I'm reading the Bruce Sterling book -- cutting-edge when published barely 20 years ago, it now reads as quaintly as penny-farthing bicycles, tailfins on cars, snap-brim hats and teenagers saying "keen!"
...Is there anything quite as dead as dial-up BBSes? I can still use a 1920s dial telephone; but a 300 baud modem (heck, even a superfast 2400-baud) isn't even a good doorstop. No, I'm being unfair: the landline telegraph guys use them (plus a custom interface) to telegraph one another, via a nifty hub and The TelCo, in a very clever mash-up of time-spanning technologies. (But time doth march on: Internet Morse is the coming thing!)
The Hacker Crackdown is a fascinating period piece, with the Internet looming in the background like a luxury liner headed into port but not quite yet docked and a whole slew of smaller precursors busily festering away, up close and personal. ...I remember hitting local boards with a battered Kaypro II* and a direct-connect modem (and thank you, Irv Hoff, for MDM730!), but I was (by then) a serious sort and avoided the warez d00dz and their ilk. Sterling provides a guided tour, to the extent such a thing is possible, and it's strangely like going though the Winchester mansion or the tombs of the Pharaohs.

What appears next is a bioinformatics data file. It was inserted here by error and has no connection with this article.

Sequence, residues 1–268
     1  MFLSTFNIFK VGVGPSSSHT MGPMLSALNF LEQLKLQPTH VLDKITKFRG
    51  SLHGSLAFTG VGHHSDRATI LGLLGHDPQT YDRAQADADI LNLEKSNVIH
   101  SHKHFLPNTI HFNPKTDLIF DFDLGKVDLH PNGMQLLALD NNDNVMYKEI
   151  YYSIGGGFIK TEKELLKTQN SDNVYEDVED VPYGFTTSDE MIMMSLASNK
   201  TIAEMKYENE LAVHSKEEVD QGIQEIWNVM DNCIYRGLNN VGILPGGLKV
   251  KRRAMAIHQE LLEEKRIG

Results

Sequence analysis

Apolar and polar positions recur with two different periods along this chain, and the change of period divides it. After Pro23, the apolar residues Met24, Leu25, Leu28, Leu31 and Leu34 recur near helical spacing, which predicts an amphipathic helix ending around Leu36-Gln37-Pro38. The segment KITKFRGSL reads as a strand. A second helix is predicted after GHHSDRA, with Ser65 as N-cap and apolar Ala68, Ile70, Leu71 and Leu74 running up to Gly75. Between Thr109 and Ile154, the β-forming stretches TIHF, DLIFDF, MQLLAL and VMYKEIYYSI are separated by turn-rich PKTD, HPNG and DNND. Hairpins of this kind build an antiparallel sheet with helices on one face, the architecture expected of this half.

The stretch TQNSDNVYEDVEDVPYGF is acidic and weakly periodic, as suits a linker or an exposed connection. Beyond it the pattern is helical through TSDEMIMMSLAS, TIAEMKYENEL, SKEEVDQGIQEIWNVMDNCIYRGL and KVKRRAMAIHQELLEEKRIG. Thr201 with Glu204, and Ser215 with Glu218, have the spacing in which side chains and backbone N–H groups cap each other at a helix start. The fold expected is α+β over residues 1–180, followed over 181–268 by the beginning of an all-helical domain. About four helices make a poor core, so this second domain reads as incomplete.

So recent. So far away.
* Still one of the best machine/software packages for writing, ever; the bundled word processor was a composing engine superior to anything that came after. Q10 is as close as I can get and it's pretty good -- but the formatting options in PerfectWriter were better.
T. R. MCELROY'S STREAMLINED TELEGRAPH KEYS
1 year ago